THE WRIT­TEN IM­AGE

Poets and Writers - - Trends -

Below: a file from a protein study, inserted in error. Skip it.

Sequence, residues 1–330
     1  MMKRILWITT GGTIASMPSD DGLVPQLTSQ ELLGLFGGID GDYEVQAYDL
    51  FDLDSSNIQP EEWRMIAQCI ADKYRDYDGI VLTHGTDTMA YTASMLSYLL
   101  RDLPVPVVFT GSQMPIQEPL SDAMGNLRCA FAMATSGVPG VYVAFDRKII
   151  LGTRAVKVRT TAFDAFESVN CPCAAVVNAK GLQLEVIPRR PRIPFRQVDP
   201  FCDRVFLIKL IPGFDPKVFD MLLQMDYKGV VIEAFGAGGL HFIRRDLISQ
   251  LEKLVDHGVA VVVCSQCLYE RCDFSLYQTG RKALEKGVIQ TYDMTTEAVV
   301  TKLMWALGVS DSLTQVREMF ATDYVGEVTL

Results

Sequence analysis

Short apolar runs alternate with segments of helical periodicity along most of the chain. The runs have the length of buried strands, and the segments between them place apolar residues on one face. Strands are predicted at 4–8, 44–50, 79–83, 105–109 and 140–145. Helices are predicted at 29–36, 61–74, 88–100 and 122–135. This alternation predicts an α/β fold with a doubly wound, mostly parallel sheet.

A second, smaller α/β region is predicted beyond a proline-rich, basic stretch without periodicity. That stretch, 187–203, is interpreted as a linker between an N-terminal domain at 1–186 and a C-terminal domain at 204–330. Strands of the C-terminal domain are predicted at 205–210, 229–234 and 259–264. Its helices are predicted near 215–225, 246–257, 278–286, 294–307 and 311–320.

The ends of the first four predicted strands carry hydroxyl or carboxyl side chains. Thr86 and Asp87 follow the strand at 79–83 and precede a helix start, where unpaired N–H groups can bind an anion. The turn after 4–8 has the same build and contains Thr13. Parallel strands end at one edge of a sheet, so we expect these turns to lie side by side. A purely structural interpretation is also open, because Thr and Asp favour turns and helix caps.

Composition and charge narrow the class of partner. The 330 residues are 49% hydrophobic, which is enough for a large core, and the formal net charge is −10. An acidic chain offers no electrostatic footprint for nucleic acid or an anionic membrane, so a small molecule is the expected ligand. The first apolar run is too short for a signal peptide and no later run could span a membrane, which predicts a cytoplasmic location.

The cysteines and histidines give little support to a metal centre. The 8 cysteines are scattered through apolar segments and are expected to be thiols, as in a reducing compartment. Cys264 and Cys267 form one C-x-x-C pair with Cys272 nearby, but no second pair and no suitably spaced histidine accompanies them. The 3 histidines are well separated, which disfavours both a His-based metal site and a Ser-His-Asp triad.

Neil Gaiman’s first solo novel, Nev­er­where, takes place in a shad­owy un­der­ground world filled with a fan­tas­ti­cal set of char­ac­ters: an elfin young woman with a mag­i­cal power to open doors, an im­pe­ri­ous mar­quis in­spired by Puss in Boots, a man who speaks to rats (pic­tured above), and a pair of slimy as­sas­sins, to name a few. A new edi­tion of the novel—pub­lished last year in the United King­dom and this month in the United States by Wil­liam Mor­row—brings these char­ac­ters to life with art­work by il­lus­tra­tor and U.K. chil­dren’s lau­re­ate Chris Rid­dell, whose black-and-white il­lus­tra­tions take up full pages and adorn the mar­gins of the text. “One hopes it cre­ates a mood—it’s a lit­tle bit like some good stage lighting,” Rid­dell says in a video filmed by the U.K. book­store chain Water­stones, adding that the il­lus­tra­tions help the reader “con­cen­trate on the very heart of the book, which of course are the words.” Gaiman orig­i­nally pub­lished the book in the United King­dom in 1996 as a nov­el­iza­tion of a BBC tele­vi­sion minis­eries of the same name. The new edi­tion, the au­thor’s pre­ferred text, also in­cludes an al­ter­na­tive scene and an ad­di­tional short story about one of the char­ac­ters. “I wanted to talk about the peo­ple who fall through the cracks,” writes Gaiman in the book’s in­tro­duc­tion. “To talk about the dis­pos­sessed, us­ing the mir­ror of fan­tasy, which can some­times show us things we have seen so many times that we never see them at all, for the very first time.”

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